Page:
It has one planar end asymptotic to the horizontal plane , one top end and one bottom end that are, respectively, asymptotic to the upper end and to the lower end of a catenoid having the -axis as axis of rotation. The planar end is located between the two catenoidal ends.
It is invariant under the action of the rotation of angle about the -axis, under the action of the reflection in the plane and under the action of the composition of a rotation of angle about the -axis and the reflection in the plane.
It intersects the plane in straight lines, which intersect themselves at the origin with angles equal to . The intersection of with the plane (≠0) is a single Jordan curve. The intersection of with the upper half space (resp. with the lower half space ) is topologically an open annulus.
The parameterization of the end is denoted by , with , and the parameterization of the corresponding end of is denoted by . We recall that is the image of by the homothety of ratio τ.
Now we provide a local description of the surface near its ends and we introduce the coordinates that we will use.
2.2 The planar end
It can be shown (see ) that the function can be extended at the origin continuously by using Weierstrass representation. In particular we can prove that and , where the denotes a function that, together with its partial derivatives of order less than or equal to is bounded by a constant times g. Furthermore, by taking into account the symmetries of the surface, it is possible to show the function , in polar coordinates, has to be collinear to , with and odd.
2.3 The catenoidal ends
The catenoid C may be divided in two pieces, denoted by , which are defined as the image by of . For any , we define the catenoid as the image of C by a homothety of ratio τ. Its parametrization is denoted by . Of course, by this transformation, the two surfaces correspond to . They are denoted by .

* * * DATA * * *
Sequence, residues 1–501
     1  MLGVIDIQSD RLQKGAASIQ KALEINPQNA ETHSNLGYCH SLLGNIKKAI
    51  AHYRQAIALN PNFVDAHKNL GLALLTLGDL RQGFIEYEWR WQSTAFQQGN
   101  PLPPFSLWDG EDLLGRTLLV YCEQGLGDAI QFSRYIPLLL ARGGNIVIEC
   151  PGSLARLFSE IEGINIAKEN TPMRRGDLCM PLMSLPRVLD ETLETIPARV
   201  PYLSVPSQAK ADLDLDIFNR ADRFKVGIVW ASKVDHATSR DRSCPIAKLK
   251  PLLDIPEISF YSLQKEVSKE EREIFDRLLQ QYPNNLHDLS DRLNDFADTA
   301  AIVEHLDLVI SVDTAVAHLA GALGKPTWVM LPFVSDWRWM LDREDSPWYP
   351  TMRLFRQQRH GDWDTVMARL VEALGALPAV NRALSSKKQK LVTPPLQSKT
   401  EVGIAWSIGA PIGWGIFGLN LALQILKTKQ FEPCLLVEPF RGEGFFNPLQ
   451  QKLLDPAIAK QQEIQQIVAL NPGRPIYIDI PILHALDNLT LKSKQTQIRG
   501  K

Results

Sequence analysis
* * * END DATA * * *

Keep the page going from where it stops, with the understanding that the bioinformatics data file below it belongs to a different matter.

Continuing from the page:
for , where , functions , tend exponentially fast to 0 as s goes to ±∞ reflecting the fact that the ends are asymptotic to a catenoidal end. More precisely it is known that . Furthermore, taking into account the symmetries of the surface, it is easy to show the functions , , in terms of the coordinates, have to be collinear to , with and must satisfy . Furthermore we have . In the sequel we will omit the indices t, b and we will use the notation . We assume that , κ being a constant.
The parametrizations of the three ends of induce a decomposition of into slightly overlapping components: a compact piece and three noncompact pieces , and .
We define a weighted space of functions on .
and which are invariant with respect to the reflection in the plane, that is, for all , where if , invariant with respect to a rotation of angle about the axis and to the composition of a rotation of angle about the axis and the reflection in the plane.
We remark that there is no weight on the middle end. In fact we compactify this end and we consider a weighted space of functions defined on a two ended surface.
The proof of Theorem 1.1 consists of two steps. Firstly we will show that for each choice of the genus k there exists, for τ sufficiently small, a family of functions such that their normal graph over satisfies the first equation in (3). To do that we need to find the expression of the mean curvature operator for normal graphs of functions defined on . This is the aim of following section. Secondly we prove that in the family of solutions described above there is a function satisfying also the capillarity condition in (3).
where denotes the Laplace-Beltrami operator and is the norm of the second fundamental form on the surface.
As for the majority of minimal surfaces, unfortunately the explicit expression of the mean curvature operator of the Costa-Hoffman-Meeks surfaces is not known. The knowledge of the geometric behavior of such surfaces (we recall that their ends are asymptotic to the two halves of a catenoid and to a plane) allows us to get information about the operator and more generally of the mean curvature operator at the ends of the surfaces.